Why did the Treaty of Maastricht mark a milestone in creating a political union?
The Treaty of Maastricht, formerly known as the Treaty of the European Union came at a pivotal time in European history. Eastern Europe was a victim of the collapse of Communism, which had a strong impact on the European Commission (EC) as this meant new potential markets were open which they were keen to take over (Bache, 2001:124). However, the collapse of Communism in the Soviet Union meant that there was unsettlement in the east. During the same period of time there was possibility for reunification in Germany. This was looked upon with great caution because many feared that this could cause Germany Nationalism to ignite again. Due to these events it meant that integration in Europe became a strong focus because there was wider scope to enhance European power. These factors had a very strong impact upon the Maastricht Treaty and determined much of its future.
The Maastricht Treaty is well known for its controversial nature (Dinan, 1999:27). Unlike other treaties that had been seen before, Maastricht included two new areas – home affairs and a common foreign and security policy. (Bieler, 2009:Lecture 4) Moreover, Maastricht marked the movement for changes in economic and monetary union, most notably the introduction of a single currency within Europe. In addition to this, the treaty also included unification in employment and social issues, which contained issues such as health and safety regulations as well as wage rules for workers. However, Margaret Thatcher, the Prime Minster of the UK at the time strongly disapproved thus the UK managed to negotiate an opt-out of the social chapter. This was done by the Social Protocol. The UK only signed the Maastricht Treaty under John Major’s government (Bache, 2001:125).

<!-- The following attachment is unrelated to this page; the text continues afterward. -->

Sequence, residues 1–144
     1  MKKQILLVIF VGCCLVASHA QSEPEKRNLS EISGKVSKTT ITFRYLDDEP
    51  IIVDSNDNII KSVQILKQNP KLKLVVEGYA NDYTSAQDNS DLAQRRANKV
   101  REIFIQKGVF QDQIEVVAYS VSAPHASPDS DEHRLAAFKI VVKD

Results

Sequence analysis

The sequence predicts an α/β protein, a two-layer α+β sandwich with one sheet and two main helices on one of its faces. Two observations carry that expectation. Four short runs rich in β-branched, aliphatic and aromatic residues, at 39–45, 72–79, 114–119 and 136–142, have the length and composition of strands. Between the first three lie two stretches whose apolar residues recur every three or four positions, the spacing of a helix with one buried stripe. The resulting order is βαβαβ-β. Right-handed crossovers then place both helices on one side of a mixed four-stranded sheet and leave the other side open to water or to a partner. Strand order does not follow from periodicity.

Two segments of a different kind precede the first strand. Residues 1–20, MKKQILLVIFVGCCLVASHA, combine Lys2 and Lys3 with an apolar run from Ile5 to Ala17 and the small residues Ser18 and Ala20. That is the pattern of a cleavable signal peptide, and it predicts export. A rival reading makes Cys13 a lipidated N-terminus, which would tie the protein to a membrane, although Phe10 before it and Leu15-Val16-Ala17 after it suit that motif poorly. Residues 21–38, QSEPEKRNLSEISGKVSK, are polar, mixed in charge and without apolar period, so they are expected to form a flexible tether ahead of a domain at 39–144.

The Treaty enabled the 12 member states at the time to be given European citizenship. This meant that they could freely move across European borders, live in any EU state, as well as voting on European and local elections in any member state (Dinan, 1999:31). However, before fully recognizing just how the Maastricht Treaty enabled a political union, we must understand why exactly the Maastricht Treaty came about.
The Monetary policy never had much focus within the Single European Act (SEA), but there had been growing support for a monetary policy that had common features for all EU members (Bache, 2001:127). Because of this, all the heads of governments of each member state gathered for a meeting in Hanover in June 1988 to set up a committee of central bankers and technical experts chaired by Delors (Bache, 2001:125). Their aim was to come up with a report that would explain how monetary union could be achieved as well as Economic and Monetary Union (EMU). By June 1989 the Delor’s Report was ready. The European Council held a meeting in Madrid and the Report suggested that there is a three-stage progress that will result in a single currency by 1999 which would promote political union within union and let Europe take its first stepping stone to becoming a supranational power. The report was accepted, with only refusal by the UK. Stage one of Delor’s Report started on July 1 1990. Stage 1 aimed to make a decision on an IGC in order to allow a monetary union to be created. By June 1990 the European Council had a meeting in Dublin and decided that the EMU and EPU were the IGC’s that had been agreed upon and they would commence at a summit in Rome in December 1990. *
It has been established why and how Maastricht came about, but it must be established what it specifically included. The Maastricht Treaty adopted two new core principles – one being that policies should always be decided at regional levels and the other was that union citizenship was of prime importance. Both these policies are of core importance to ignite and secure political union. Citizens do not want to lose their duty and spirit...
Bibliography: Bache, I. George, S (2001). Politics in the European Union, Oxford University Press.
Bieler, A (2009). Lecture 4, University of Nottingham.
Dinan, D (1999). Even closer Union – An Introduction to European Integration, Lynne Rienner.
Unavailable (2001). [Website] Available from http://news.bbc.co.uk/1/hi/in_depth/europe/euro-glossary. [Accessed: April 3 2009)
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